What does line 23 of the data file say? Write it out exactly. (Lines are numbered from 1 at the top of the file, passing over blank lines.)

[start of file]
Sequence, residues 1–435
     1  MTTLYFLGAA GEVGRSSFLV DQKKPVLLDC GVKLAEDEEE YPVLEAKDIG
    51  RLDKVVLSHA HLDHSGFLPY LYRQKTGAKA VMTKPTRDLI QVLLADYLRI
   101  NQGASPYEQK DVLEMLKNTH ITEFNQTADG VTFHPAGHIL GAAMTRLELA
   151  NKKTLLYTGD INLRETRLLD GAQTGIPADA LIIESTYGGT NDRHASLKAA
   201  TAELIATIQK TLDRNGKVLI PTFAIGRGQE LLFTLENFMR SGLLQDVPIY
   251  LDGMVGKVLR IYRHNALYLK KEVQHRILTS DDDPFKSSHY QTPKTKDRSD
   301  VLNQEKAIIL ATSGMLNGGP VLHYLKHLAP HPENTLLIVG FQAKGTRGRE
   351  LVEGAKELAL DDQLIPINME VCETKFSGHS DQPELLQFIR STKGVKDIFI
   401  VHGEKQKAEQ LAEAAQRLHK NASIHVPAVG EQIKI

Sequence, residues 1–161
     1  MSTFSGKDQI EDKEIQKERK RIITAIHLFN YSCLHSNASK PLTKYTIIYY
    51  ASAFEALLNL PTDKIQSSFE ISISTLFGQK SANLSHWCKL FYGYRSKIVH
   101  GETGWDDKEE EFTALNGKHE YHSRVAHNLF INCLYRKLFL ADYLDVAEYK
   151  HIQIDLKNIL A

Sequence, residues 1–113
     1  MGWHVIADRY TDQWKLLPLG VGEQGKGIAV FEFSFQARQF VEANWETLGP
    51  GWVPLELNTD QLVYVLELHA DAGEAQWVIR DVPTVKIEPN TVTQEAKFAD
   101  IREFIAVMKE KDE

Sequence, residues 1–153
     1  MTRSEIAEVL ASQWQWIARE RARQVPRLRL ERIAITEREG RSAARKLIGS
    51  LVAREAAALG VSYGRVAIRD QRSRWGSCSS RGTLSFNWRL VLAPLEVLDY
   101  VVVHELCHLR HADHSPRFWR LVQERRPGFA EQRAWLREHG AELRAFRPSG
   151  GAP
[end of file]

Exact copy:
   101  VVVHELCHLR HADHSPRFWR LVQERRPGFA EQRAWLREHG AELRAFRPSG